Government grants GM Holden short-term deferral of new emissions requirements for certain locally made models

Media Release

PF025/2015

13 November 2015

“The Government has agreed to a request from GM Holden that it be granted a short-term deferral of up to three months in meeting new higher vehicle emissions standards for certain locally made models,” Paul Fletcher, Major Projects Minister, said today.

New vehicle emissions standards based on the Euro 5 level will become mandatory in Australia for most vehicles from 1 November 2016.

“However I have agreed that GM Holden will be granted an exemption for certain locally-built model,” Mr Fletcher said.

“GM Holden has advised the Government that this deferral would maximise the potential of locally-built models, which in turn will help to preserve job retention at GM Holden at its Elizabeth plant in South Australia and for its local suppliers, and strengthen the commitment to building cars until the end of 2017.

“In making this decision I have weighed up the benefits highlighted by GM Holden, of allowing extended production and in turn employment, against the likely impact on vehicle emissions.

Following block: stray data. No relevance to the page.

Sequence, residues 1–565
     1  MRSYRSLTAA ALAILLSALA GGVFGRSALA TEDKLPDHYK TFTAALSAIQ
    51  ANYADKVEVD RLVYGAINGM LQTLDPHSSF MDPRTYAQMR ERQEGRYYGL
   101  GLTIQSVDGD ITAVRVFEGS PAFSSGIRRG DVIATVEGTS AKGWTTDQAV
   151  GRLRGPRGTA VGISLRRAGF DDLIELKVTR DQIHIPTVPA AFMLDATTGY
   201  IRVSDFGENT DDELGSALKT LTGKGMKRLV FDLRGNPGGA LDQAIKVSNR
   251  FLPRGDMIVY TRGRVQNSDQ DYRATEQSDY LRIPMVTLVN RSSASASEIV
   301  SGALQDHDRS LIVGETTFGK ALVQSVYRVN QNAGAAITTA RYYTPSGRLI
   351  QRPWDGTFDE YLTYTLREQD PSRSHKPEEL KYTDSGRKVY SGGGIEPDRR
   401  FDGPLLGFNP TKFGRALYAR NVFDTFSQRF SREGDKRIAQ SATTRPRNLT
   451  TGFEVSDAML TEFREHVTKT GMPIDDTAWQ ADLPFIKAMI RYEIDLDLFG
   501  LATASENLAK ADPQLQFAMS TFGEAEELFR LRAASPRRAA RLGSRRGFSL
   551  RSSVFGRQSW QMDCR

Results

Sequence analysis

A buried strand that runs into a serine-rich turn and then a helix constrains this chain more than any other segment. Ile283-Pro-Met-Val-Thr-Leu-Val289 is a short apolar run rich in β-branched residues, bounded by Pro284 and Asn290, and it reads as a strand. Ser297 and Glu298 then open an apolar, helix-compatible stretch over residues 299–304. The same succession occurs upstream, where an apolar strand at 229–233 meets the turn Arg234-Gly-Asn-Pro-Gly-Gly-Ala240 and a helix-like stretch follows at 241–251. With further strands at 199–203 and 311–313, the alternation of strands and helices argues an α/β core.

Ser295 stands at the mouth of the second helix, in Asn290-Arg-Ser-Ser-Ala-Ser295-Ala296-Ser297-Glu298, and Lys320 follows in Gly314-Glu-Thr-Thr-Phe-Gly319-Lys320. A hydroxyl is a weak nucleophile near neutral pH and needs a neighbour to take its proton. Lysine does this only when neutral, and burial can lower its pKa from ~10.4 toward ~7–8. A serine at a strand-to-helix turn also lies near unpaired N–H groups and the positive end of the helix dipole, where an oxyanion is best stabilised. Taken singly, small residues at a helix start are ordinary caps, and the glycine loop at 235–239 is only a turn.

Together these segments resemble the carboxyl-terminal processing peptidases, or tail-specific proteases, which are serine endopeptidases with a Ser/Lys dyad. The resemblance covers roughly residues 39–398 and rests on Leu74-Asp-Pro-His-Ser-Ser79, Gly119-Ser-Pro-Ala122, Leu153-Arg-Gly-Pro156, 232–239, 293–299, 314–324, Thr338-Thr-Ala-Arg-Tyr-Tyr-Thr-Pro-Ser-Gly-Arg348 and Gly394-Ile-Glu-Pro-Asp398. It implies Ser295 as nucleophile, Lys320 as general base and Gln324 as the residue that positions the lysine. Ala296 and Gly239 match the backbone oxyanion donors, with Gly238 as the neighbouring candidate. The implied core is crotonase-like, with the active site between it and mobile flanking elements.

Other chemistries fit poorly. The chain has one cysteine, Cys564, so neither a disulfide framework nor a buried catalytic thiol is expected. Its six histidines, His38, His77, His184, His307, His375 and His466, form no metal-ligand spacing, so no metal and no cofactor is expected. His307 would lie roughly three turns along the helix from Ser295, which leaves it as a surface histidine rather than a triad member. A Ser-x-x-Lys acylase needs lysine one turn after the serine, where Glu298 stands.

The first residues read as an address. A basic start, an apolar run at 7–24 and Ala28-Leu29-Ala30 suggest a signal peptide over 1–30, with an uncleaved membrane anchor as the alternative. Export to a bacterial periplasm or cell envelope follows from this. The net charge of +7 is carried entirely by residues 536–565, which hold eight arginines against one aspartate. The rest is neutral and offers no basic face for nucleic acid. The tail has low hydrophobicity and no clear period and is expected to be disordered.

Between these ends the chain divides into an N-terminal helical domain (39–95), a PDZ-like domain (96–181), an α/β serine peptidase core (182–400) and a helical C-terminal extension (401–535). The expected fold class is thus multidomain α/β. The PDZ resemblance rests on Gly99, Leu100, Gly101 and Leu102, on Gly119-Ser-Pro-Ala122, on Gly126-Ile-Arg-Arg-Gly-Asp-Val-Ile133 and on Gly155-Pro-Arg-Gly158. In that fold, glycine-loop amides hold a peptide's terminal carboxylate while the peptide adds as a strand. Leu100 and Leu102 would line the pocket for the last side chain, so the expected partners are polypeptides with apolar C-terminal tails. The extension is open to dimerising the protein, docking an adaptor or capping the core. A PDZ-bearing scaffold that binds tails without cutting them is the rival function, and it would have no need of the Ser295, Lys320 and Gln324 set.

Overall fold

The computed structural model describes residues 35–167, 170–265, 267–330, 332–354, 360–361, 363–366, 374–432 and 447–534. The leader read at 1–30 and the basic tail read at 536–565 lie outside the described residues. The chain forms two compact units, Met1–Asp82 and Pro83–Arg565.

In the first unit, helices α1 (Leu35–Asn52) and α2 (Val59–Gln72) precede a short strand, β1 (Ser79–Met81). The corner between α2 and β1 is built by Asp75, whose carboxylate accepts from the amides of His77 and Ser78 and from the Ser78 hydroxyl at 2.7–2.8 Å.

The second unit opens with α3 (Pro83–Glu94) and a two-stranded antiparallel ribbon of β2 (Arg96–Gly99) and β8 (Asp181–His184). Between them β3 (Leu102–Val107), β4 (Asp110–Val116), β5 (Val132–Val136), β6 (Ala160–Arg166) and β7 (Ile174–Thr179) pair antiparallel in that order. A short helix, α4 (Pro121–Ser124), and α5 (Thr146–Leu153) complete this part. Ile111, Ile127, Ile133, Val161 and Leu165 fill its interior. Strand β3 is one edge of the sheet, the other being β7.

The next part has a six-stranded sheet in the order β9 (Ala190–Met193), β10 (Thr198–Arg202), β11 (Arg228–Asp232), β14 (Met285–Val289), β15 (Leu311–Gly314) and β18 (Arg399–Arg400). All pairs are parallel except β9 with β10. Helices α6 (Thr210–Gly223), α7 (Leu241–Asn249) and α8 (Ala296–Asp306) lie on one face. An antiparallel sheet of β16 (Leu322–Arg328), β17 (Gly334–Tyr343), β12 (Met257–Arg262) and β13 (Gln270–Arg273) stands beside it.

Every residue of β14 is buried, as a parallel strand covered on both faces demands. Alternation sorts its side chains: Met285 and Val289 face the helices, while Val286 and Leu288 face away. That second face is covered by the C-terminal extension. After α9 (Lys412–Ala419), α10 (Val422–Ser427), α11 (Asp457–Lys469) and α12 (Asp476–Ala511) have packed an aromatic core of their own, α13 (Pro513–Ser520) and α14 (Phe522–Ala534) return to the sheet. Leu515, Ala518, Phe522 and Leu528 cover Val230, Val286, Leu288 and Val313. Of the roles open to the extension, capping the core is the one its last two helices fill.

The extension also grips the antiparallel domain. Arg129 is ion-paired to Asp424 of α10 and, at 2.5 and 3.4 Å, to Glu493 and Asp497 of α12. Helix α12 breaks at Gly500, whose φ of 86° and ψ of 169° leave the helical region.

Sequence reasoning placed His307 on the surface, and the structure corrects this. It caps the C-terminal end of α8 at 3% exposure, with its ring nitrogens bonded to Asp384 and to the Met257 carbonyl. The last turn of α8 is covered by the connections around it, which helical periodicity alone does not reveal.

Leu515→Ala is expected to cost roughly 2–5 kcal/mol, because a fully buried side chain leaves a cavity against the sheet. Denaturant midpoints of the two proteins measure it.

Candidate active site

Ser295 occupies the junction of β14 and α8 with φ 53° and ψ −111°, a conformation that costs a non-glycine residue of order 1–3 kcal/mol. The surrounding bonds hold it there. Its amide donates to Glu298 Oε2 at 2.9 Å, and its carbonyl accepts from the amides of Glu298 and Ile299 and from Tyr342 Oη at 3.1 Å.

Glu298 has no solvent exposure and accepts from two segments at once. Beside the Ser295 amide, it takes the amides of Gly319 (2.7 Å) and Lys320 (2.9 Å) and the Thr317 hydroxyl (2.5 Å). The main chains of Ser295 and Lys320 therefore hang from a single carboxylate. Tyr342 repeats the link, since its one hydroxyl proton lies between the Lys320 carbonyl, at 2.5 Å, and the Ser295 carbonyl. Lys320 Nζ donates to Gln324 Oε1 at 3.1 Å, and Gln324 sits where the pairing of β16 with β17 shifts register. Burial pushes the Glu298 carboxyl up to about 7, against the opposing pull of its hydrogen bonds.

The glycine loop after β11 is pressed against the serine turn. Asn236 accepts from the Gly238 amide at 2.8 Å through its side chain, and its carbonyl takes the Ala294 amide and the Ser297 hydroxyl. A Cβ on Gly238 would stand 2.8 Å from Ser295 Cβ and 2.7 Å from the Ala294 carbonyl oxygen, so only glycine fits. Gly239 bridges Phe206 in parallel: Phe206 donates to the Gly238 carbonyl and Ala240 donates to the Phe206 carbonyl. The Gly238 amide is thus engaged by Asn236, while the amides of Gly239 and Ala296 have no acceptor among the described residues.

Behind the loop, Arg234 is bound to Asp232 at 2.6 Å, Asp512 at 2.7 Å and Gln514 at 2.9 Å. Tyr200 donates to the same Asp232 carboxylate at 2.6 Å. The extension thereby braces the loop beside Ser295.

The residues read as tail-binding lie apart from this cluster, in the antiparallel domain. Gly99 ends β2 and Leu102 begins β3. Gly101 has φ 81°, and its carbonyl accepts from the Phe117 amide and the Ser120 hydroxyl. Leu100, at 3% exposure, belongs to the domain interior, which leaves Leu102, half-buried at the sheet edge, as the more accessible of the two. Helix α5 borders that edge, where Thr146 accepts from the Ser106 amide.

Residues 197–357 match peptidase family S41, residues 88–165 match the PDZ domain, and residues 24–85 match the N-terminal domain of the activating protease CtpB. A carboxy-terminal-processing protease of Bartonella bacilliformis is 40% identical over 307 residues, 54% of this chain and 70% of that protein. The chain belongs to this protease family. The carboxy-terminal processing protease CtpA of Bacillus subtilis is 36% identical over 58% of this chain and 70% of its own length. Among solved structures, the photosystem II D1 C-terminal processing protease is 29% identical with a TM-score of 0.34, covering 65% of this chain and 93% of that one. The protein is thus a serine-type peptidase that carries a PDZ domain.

“The impact will be very small, as the vehicles affected by this deferral represent less than one per cent of the total number of new vehicles sold in Australia every year.

“In addition, GM Holden has advised me that the actual emissions levels from the affected vehicles do in fact meet the Euro 5 emissions standards. However the new regulatory requirement also requires changes to vehicles' on board diagnostic systems, which measure emissions, and it is a deferral of this requirement (and the associated cost of complying with it) which underpins GM Holden's request.

“Holden has also advised me that its new Commodore model, which will follow the model that will have the benefit of this deferral, will comply with Australia's new emissions standards based on Euro 5.

“In reaching this decision I have also taken account of the comprehensive new process I recently announced, under which I will join with the Environment Minister Greg Hunt and the Resources and Energy Minister Josh Frydenberg in a Ministerial Forum to examine vehicle emissions standards in Australia and vehicle testing through a whole of government approach.

“The Australian Government is committed to reducing harmful emissions on Australia's roads through improved standards. The Ministerial Forum will develop a package of measures to reduce carbon dioxide (CO2) and noxious emissions on Australia's roads, including considering the introduction of Euro 6, as well as improving the energy efficiency of Australia's vehicle fleet to save consumers money at the bowser,” Mr Fletcher said.